3. I think Selenium might work for the testing you're trying to do. JsUnit could also be used for unit testing the individual methods.
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The game idea is great since its possible to automate some testing by faking inputs to it. –  NG. Feb 6 '10 at 15:15
1  
Your idea won :). I made them do Tic Tac Toe as a jQuery plugin and the results were mostly satisfactory (70% of the students submitted, generally the submissions were ok). To prevent copying from the net, I thought out an API which they had to implement. At least, they'd have to understand the code they found on the net before copy&pasting it into the methods :). Cheers! –  Alex Ciminian May 26 '10 at 19:35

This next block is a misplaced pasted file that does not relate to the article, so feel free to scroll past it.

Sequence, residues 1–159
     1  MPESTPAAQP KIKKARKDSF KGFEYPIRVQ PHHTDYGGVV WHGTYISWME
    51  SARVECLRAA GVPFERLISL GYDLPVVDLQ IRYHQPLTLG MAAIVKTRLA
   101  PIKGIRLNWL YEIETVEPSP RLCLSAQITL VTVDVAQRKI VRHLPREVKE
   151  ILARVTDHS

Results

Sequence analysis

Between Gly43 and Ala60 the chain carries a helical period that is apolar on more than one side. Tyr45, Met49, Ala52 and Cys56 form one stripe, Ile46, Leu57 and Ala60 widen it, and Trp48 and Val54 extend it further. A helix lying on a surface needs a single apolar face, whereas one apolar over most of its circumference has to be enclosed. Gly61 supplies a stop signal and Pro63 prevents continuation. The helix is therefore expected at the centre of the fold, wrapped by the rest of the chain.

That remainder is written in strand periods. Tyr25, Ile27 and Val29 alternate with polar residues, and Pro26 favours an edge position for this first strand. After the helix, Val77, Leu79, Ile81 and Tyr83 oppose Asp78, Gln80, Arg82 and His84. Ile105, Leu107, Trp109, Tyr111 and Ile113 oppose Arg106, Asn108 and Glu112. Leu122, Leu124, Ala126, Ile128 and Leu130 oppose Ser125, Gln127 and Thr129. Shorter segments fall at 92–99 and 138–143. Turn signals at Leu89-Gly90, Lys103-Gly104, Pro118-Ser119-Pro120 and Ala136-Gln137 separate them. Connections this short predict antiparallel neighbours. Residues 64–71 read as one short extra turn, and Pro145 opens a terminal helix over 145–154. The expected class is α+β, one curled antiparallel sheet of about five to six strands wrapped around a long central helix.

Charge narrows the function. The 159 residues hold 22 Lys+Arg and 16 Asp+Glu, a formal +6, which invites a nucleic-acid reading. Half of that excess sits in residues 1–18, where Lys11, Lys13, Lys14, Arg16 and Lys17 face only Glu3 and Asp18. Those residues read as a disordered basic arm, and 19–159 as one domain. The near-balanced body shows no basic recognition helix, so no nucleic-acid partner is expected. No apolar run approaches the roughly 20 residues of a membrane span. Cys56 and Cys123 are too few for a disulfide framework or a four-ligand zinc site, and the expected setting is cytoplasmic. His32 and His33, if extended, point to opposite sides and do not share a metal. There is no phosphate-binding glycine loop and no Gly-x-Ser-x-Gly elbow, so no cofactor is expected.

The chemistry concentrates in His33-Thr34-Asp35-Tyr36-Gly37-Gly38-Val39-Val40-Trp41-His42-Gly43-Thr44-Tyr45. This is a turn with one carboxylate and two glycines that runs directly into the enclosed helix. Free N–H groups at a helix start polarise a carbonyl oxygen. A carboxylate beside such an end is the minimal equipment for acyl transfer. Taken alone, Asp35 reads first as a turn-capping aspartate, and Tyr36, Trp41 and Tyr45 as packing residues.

I think its useful for the students to know fundamentals about the language before working with frameworks. They need to know about JS Scopes, closures, prototypes, the memory model, and everything that makes JS unique.

After that, introduce them to frameworks and the DOM. They'll appreciate them much more since they'll be able to understand the implementation.

As for testing, automated testing might be easy if you have them generate a DOM that you can walk and validate. Mozilla might be able to help you out, esp with JSUnit. You can find info here

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+1 for teaching the fundamentals. The vast majority of those writing Javascript only know about dealing with DOM manipulation and writing event handlers. With the emergence of HTML 5, understanding Javascript as a real language is extremely advantageous. –  Jacob Feb 6 '10 at 21:26